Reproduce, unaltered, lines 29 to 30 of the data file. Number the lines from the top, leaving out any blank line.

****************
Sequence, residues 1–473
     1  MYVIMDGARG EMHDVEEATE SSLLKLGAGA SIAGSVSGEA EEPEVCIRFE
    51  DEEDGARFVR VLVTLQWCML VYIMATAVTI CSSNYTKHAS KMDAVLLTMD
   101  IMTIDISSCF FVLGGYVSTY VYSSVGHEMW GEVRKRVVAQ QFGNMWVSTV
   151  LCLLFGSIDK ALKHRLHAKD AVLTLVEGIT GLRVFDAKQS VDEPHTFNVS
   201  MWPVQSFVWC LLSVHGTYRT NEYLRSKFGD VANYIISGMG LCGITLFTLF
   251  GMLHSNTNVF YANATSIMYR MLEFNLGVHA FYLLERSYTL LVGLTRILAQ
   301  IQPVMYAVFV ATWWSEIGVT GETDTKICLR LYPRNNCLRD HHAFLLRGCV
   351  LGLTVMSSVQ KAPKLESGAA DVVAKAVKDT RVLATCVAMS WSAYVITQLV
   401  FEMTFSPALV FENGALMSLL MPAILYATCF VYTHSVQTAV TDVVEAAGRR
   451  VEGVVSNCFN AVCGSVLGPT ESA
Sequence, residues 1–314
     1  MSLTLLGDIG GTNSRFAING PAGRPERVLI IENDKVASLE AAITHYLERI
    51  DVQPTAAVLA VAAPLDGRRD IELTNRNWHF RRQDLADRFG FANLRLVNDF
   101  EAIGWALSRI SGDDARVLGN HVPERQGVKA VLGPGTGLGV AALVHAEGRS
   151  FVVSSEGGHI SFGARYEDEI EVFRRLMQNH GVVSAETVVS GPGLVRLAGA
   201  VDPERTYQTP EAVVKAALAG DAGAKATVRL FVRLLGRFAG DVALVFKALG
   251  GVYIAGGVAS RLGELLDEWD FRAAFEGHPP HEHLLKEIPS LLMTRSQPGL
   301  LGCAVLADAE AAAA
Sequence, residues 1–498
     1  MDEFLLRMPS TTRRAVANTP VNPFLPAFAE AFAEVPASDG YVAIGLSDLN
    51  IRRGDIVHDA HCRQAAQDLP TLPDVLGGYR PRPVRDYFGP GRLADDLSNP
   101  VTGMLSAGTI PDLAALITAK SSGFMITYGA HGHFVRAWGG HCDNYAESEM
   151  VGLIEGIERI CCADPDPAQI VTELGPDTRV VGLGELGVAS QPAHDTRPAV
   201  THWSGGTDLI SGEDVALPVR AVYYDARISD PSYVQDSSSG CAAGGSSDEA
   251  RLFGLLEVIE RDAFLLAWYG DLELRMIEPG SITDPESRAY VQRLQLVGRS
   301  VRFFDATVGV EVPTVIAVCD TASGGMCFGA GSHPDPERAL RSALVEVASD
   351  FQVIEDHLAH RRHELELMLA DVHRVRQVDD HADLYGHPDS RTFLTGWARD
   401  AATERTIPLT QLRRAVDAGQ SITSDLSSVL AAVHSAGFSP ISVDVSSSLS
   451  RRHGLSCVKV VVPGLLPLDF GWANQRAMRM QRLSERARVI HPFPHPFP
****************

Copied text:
   401  AATERTIPLT QLRRAVDAGQ SITSDLSSVL AAVHSAGFSP ISVDVSSSLS
   451  RRHGLSCVKV VVPGLLPLDF GWANQRAMRM QRLSERARVI HPFPHPFP